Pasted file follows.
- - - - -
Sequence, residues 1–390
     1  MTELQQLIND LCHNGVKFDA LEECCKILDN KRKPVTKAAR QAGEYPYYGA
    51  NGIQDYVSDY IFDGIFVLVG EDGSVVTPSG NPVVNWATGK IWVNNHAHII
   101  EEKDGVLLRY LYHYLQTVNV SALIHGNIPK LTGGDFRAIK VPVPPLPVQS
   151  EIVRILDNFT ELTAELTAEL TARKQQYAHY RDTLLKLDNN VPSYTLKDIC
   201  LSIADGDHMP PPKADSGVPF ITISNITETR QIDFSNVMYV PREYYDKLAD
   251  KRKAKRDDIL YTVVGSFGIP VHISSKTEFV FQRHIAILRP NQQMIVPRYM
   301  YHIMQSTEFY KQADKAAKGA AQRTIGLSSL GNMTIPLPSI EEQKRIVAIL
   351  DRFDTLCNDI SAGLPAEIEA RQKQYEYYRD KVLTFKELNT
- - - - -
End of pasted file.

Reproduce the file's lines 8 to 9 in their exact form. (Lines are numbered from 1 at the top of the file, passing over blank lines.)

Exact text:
   301  YHIMQSTEFY KQADKAAKGA AQRTIGLSSL GNMTIPLPSI EEQKRIVAIL
   351  DRFDTLCNDI SAGLPAEIEA RQKQYEYYRD KVLTFKELNT